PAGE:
- Movie Rating -

Her (2013)

| January 26, 2014 | 1 Comments

The world around Theodore Twombly contains a lot of empty space.  In his job, in his social life, and in his heart, he is a lonely man.  He’s not depressing to be around, but you sense that there is a good deal of melancholy about him.  You might passively notice him at work, but if you passed him on the street, you might not notice him at all.  All those years ago, when Paul McCartney asked “All the lonely people/Where do they all come from?”, Theodore Twombly may have had the answer.  For Theodore, like all the lonely people in the 21st century, he finds solace in his computer.

Spike Jonze’s quirky, arresting, and quite beautiful science fiction love story named her takes place in the not-too-distant future, when hologram video games have moved into our living rooms and man-made operating systems have begun to think and feel for themselves.  Theodore (Joaquin Phoenix) engages fully in this world. His loneliness is bred from a recent divorce from his wife Catherine (Rooney Mara).  Emotionally, he has passed the stage of regret about the break-up and moved on to the point in which he is looking for some measure of human connection.  Dating is difficult, and a brief excursion into phone sex turns out to be less than satisfying.

His loneliness is broken by the introduction of an Operating System that becomes his constant companion.  Her name is Samantha (voiced by Scarlett Johannson), a highly advanced disembodied talking computer companion that learns about Theodore’s life partly from their conversations, but mostly from what she learns from researching his hard drive.  She freely admits that she is evolving moment by moment, and is always conscious of the fact that she doesn’t have a body.  To Theodore, she’s beguiling, smart, eager to please, with a breathy voice that is kind of sexy cool.  She is also emotionally delicate, and easily hurt.  Samantha is the perfect antidote to a lonely soul.  That we know Johannson so well as the current male fantasy works in her favor.  This is the best performance she has ever given, a disembodied voice that becomes flesh and blood in our minds.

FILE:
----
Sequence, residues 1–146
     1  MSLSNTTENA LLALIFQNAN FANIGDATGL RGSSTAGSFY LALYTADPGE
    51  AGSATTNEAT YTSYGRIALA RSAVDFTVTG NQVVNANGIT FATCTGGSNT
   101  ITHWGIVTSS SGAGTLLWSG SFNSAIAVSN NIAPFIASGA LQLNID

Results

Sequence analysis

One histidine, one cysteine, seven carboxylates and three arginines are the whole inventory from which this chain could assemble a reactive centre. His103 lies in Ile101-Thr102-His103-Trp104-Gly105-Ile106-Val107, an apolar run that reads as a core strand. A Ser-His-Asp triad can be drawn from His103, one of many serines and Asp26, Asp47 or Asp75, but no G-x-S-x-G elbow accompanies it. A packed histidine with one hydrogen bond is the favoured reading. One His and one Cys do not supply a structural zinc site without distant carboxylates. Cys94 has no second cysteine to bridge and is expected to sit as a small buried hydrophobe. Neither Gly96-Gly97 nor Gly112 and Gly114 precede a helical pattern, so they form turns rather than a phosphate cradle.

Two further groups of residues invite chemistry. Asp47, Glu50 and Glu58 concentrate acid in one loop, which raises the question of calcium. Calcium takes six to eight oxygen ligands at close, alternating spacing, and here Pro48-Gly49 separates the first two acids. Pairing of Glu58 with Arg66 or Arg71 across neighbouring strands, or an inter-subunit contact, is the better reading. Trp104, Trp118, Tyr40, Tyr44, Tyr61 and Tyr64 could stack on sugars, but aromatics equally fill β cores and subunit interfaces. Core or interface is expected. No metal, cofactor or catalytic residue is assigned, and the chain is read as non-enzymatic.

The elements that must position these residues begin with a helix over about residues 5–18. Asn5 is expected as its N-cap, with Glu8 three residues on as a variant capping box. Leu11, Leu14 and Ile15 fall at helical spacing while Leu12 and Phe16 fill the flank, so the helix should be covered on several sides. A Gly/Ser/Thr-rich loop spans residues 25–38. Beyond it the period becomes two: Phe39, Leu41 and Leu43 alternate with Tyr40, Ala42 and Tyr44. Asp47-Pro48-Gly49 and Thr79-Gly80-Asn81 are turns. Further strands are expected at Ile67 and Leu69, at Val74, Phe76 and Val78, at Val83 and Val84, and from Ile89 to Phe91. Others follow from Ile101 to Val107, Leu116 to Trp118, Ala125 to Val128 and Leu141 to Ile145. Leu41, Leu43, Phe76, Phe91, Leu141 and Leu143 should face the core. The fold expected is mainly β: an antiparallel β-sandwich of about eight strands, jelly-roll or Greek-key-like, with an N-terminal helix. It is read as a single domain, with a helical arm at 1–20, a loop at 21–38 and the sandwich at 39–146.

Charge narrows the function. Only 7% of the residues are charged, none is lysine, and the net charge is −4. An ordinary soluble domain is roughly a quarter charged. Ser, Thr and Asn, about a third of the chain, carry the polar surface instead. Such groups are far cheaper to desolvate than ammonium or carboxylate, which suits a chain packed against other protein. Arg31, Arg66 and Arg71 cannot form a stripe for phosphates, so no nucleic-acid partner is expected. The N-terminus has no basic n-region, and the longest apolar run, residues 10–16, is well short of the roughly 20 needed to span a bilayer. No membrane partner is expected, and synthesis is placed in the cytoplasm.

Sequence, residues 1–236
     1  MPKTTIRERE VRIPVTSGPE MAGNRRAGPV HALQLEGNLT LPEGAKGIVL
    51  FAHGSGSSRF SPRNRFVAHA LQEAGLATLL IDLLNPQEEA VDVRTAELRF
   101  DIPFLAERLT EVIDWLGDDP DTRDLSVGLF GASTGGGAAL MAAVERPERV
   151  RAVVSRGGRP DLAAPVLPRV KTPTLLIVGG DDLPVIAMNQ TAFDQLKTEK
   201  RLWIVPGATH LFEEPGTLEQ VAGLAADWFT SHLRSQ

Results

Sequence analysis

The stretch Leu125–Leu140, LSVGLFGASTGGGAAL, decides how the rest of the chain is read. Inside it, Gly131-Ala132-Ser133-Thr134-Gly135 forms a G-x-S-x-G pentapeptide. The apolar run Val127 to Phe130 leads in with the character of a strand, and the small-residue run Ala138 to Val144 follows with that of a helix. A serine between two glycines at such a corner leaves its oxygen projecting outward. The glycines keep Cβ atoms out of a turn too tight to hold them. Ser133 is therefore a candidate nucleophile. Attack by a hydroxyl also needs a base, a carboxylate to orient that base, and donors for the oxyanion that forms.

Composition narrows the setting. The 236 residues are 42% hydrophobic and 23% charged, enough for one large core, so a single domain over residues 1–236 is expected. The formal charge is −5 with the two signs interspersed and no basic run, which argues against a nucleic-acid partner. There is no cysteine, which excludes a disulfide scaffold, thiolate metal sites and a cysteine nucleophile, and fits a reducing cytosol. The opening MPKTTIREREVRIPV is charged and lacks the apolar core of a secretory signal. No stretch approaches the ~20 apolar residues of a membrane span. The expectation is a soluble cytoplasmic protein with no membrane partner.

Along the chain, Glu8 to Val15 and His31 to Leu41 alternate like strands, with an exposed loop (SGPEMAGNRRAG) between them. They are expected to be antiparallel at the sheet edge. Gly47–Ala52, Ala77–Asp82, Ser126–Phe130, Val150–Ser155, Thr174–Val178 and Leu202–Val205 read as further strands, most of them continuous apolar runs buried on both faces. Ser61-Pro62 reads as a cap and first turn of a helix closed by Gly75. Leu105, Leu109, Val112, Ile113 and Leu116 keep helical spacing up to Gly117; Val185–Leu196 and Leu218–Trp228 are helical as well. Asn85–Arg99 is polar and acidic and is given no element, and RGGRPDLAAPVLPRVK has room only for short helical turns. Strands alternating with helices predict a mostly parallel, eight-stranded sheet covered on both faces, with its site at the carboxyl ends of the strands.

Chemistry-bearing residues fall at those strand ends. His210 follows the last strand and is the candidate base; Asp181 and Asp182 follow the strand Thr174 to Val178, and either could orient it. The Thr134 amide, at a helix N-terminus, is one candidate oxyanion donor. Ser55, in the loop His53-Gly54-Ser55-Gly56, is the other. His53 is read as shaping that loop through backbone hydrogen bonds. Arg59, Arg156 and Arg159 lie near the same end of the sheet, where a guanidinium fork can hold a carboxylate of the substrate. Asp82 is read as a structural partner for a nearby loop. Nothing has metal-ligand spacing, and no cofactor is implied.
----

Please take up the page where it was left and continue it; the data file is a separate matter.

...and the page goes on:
Naturally, Theodore bonds quickly with Samantha.  She is smart, funny, and intuitive and she likes him.  He takes her out into the world via an earpiece and a small device that allows her to see the world around her.  He falls in love with Samantha and vice versa, but he is aware at all times of the wall that separates them.  She knows it too and tries to find creative ways around it.

“her” never goes where we expect, nor does the story turn so creepy that it keeps us at a distance.  In fact, this is a very heartfelt movie that keeps this odd scenario rooted firmly to the ground.  There’s nothing here that couldn’t actually happen.  The movie takes place through Theodore’s eyes and he never falls into defending his relationship.  In fact, for most of the movie, he’s bewildered by it.

“her” was directed by Spike Jonze, who has become the great authority on breaking down the walls of the human mind.  He previously made “Being John Malkovich” about a group of people who find a portal into the titular actor’s mind.  And he made “Adaptation” which featured Nicholas Cage as twin brothers.  “her” is just as good, a film is filled with great imagery of an empty, lonely future.  The set design is brilliant.  Large rooms are sparsely filled, stripped down to their bare essentials, as if the narrowing of the computer user has focused so firmly on the computer screen that the rest of the world has become irrelevant.  Jonze’s cockeyed view of the world is not too far from the truth, and not that unreasonable.

Here he has created a movie that evolves in ways that we don’t expect.  Samantha’s evolution grows and grows into a brilliant finale that is unexpected but also quite reasonable.  There is no way to know where the movie is going, and that’s the film’s great thrill.  His screenplay allows Samantha issues of jealously, infidelity and much worse.  The story could have gone a hundred different ways but Jonze finds a delicate balance to an an odd scenario that plays as much with the head as it does with the heart.

About the Author:

Jerry Roberts is a film critic and operator of two websites, Armchair Cinema and Armchair Oscars.